Remote Trial Without the Consent Of Either Party During the COVID-19 Pandemic
State v. D.E.:
Submitted by New Jersey Domestic Violence Lawyer, Jeffrey Hark.
The State appealed an order denying reconsideration of a verbal decision to schedule a trial date for defendant’s remotely conducted domestic violence contempt trial in the Family Part, and the defendant joined in the State’s application as well. Defendant was charged with two disorderly persons charges of contempt of a domestic violence restraining order, N.J.S.A. 2C:29-9(b)(2), a petty disorderly persons charge of harassment, N.J.S.A. 2C:33-4(a), and a violation of probation. Because she was previously convicted of domestic violence contempt, if convicted of either contempt charge defendant would face a mandatory thirty-day jail sentence, N.J.S.A. 2C:25-30.
On June 18, 2020, the trial court verbally scheduled a remotely conducted trial over the objection of both the State and defense counsel. The judge issued the order pursuant to the State Supreme Court’s April 20, 2020 order regarding the COVID-19 coronavirus pandemic. The trial court interpreted these provisions of the order to allow Family FO contempt hearings to proceed to trial remotely without the consent of the parties, and reasoned that Family FO trials were not designated as those that could only occur remotely with consent of the parties. The court denied a motion for reconsideration and the parties appealed.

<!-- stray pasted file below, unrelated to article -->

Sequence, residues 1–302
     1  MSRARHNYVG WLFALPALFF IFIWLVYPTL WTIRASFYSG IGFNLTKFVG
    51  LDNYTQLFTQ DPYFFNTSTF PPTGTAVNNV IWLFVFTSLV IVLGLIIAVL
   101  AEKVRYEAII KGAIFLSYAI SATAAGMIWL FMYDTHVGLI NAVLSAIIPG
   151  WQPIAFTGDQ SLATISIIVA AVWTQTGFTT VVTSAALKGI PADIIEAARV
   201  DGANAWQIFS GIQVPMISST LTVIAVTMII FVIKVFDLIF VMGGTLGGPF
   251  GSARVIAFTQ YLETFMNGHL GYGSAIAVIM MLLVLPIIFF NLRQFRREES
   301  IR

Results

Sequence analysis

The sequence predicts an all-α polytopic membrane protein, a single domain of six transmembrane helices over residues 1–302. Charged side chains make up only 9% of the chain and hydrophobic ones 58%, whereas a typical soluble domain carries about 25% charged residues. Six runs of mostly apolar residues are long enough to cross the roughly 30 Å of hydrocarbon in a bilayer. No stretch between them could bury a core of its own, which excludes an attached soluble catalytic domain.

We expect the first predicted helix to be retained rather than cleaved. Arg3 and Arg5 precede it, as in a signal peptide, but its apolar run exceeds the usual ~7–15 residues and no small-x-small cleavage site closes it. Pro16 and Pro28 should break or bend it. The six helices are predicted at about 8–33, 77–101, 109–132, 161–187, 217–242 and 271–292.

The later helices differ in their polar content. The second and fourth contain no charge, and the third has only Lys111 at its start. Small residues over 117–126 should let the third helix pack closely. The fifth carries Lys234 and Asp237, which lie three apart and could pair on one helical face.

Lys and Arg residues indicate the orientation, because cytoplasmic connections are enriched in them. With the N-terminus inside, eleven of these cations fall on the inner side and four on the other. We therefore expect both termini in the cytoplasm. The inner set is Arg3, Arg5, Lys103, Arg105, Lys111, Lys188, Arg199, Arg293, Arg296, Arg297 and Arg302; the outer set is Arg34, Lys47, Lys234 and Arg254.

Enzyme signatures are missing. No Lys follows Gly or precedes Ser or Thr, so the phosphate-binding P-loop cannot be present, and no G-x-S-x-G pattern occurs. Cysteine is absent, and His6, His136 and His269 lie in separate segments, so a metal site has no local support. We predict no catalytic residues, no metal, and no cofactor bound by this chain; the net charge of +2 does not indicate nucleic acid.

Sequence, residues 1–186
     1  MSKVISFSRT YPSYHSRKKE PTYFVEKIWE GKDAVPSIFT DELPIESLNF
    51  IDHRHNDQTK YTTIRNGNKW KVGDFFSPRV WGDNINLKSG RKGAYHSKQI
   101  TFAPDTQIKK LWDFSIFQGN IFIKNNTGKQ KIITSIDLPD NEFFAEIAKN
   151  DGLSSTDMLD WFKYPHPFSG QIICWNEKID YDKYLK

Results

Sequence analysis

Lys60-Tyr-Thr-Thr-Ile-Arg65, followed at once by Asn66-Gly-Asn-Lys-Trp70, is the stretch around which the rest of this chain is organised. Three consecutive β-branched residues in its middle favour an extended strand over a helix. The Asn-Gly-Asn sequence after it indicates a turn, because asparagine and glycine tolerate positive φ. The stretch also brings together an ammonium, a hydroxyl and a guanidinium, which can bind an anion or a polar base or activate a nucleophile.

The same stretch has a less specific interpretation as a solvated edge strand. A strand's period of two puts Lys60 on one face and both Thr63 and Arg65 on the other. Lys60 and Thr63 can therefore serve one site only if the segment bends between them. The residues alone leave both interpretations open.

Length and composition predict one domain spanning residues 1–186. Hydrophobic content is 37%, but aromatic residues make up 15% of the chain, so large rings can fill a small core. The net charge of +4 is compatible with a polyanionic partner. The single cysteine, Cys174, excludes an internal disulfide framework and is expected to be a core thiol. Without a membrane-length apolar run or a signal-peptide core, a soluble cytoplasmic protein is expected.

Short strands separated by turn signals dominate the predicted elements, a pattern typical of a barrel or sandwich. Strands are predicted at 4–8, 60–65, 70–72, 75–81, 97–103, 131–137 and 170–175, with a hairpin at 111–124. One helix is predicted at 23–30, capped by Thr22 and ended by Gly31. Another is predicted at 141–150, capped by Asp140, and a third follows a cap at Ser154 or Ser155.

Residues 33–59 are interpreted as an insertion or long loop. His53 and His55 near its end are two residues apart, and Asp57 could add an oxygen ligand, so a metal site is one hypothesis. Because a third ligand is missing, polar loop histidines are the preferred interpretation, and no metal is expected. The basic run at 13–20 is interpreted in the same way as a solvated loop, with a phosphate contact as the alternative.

On appeal, the appellate court reversed the lower court’s order pursuant to Rule 2:11-2. The appellate court was not tasked with considering the State’s arguments that the trial court’s interpretation of the April 20 order impairs the rights of the victim or endangers the defendant’s constitutional rights. However, the appellate court was tasked with interpreting the State Supreme Court’s April 20, 2020 Coronavirus order, which they read to require consent from all parties for a remote trial of a Family quasi-criminal disorderly persons charge. Since neither party consented, the trial could not proceed remotely, and the court reversed the trial court’s order that had this case scheduled for a remote trial.
At Hark & Hark, we represent clients for appeals in Superior Court for issues like the present case pertaining to whether the court could legally proceed with a remote trial without the consent of either party during the COVID-19 pandemic. We work hard to ensure that our clients receive exceptional representation so that they receive the most favorable outcome as a result.
We offer payment plan options to clients financially incapable of providing full payment upfront. If you are facing a similar situation to that of the defendant in this case, please call us to discuss the matter. At Hark & Hark, we represent clients for any case in any county in New Jersey including Atlantic, Burlington, Camden, Cape May, Cumberland, Essex, Gloucester, Mercer, Ocean, and Salem counties.